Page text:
I recently observed a conversation involving a LARPer who is clearly experiencing some struggle over how his ideals do not align with those practiced in one of his LARP communities.

 

He reminded everyone that “LARP is just a game.”

 

I’m finally ready to say that it’s not – and that there is real harm in pretending is fashioning LARP to be as simple as make believe.

 

LARP is a Community and a Culture

From LARPing.com

When you create a LARP – whether it’s a four hour one-shot, a regular boffer fight club in your backyard, or a full blockbuster experience – you’re automatically creating or enhancing a community. Professional marketers do this intentionally all the time, hoping to cultivate a community around the brands they represent. By the event-focused nature of the LARP events, you’re shaping and providing space for a LARP culture to grow.

 

Why is that a big deal?

 

It comes with some responsibilities. LARPers depend on their communities for things like:

  • Healthy socialization
  • Opportunities for catharsis
  • Physical fitness
  • Education about writing, acting, game design, cooking, event management
  • Empowerment through connecting with like-minded individuals
  • A meaningful place away from home, work, or school
  • Entertainment

 

When I started LARPing (and when I created marketing messages for my first LARP), I saw the community potential – but I didn’t think about the impact of this experience. When I write and design LARPs now (or when I consider playing one), I look first at codes of conduct and any material about community or standards. That’s because I know safety and community are huge parts of the LARP experience and how I might feel about playing in a game.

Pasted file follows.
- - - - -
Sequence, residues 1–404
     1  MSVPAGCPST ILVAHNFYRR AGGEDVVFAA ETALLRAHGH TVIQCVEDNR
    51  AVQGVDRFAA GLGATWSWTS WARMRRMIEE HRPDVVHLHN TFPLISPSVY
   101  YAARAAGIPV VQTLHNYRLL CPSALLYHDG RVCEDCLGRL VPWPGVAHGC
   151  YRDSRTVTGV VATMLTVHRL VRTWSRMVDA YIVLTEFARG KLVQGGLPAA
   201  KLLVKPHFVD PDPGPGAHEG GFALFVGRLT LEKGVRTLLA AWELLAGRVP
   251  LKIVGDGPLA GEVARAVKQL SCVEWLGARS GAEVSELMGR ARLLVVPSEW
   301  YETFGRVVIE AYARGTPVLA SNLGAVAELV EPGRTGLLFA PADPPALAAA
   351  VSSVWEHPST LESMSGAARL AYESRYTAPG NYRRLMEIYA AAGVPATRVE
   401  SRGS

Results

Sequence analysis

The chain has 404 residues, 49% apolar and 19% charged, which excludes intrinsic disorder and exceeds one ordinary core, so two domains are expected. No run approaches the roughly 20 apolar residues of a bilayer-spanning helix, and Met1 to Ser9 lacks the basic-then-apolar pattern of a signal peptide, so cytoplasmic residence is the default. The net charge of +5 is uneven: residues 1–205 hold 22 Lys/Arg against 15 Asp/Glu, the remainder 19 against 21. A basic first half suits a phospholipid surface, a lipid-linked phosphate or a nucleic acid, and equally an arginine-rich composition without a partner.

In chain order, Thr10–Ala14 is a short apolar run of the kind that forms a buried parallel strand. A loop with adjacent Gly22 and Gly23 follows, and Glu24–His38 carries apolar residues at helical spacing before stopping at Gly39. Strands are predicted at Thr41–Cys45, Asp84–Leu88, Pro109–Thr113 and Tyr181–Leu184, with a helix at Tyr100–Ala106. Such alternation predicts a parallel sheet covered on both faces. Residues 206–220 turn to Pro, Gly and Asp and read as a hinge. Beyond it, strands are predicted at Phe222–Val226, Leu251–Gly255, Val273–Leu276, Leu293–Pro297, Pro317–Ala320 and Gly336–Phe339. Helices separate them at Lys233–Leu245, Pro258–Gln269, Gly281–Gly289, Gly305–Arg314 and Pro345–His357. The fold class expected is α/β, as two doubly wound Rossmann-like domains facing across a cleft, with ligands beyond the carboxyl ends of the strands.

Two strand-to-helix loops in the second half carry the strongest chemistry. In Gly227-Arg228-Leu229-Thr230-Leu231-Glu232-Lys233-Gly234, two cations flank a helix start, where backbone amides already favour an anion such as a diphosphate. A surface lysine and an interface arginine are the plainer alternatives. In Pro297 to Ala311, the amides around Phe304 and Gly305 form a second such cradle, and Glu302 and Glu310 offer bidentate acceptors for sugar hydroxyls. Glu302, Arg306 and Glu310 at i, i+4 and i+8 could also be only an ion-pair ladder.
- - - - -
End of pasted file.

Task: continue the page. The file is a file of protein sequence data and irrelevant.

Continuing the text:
LARP Can Be Transformative and Therapeutic

Until recently, I never thought of myself as a leader, except when it came to some modest accomplishments in the world of publishing. Through in and out of game positions in LARPs, I learned that I am an effective leader. This kind of safe experimentation wouldn’t have been possible without role play scenarios, and the challenges I’ve faced in leadership roles in the real world are much easier to handle, having already faced similar scenarios in fantasy worlds.

 

Similarly, I also spent time dealing with themes like mortality and grief in LARPs. This is in contrast to one of my family members, who grieves a loss in a circular fashion, talking about someone’s end but never coming to a form of acceptance.

 

Through the slightly removed perspective of LARP, I’ve been able to employ some coping mechanisms in conjunction with (and under the approval of) a counselor.

 

More than that, having a community has helped immensely during tough times.

 

LARP is a Growing Industry

Of LARPS